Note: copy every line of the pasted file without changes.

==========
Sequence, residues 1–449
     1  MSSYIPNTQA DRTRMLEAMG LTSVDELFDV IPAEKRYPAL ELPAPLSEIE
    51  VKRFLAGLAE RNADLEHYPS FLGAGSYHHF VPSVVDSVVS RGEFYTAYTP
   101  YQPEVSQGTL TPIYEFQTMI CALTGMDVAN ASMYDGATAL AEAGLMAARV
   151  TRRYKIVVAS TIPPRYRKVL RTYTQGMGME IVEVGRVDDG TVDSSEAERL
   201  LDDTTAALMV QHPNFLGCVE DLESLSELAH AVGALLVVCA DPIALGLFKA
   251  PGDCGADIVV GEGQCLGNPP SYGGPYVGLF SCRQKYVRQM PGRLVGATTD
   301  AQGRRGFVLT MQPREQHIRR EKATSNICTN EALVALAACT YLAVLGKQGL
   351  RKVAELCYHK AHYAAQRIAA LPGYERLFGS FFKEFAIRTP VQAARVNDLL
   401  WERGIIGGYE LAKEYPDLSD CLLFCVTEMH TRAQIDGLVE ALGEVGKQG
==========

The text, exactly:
Sequence, residues 1–449
     1  MSSYIPNTQA DRTRMLEAMG LTSVDELFDV IPAEKRYPAL ELPAPLSEIE
    51  VKRFLAGLAE RNADLEHYPS FLGAGSYHHF VPSVVDSVVS RGEFYTAYTP
   101  YQPEVSQGTL TPIYEFQTMI CALTGMDVAN ASMYDGATAL AEAGLMAARV
   151  TRRYKIVVAS TIPPRYRKVL RTYTQGMGME IVEVGRVDDG TVDSSEAERL
   201  LDDTTAALMV QHPNFLGCVE DLESLSELAH AVGALLVVCA DPIALGLFKA
   251  PGDCGADIVV GEGQCLGNPP SYGGPYVGLF SCRQKYVRQM PGRLVGATTD
   301  AQGRRGFVLT MQPREQHIRR EKATSNICTN EALVALAACT YLAVLGKQGL
   351  RKVAELCYHK AHYAAQRIAA LPGYERLFGS FFKEFAIRTP VQAARVNDLL
   401  WERGIIGGYE LAKEYPDLSD CLLFCVTEMH TRAQIDGLVE ALGEVGKQG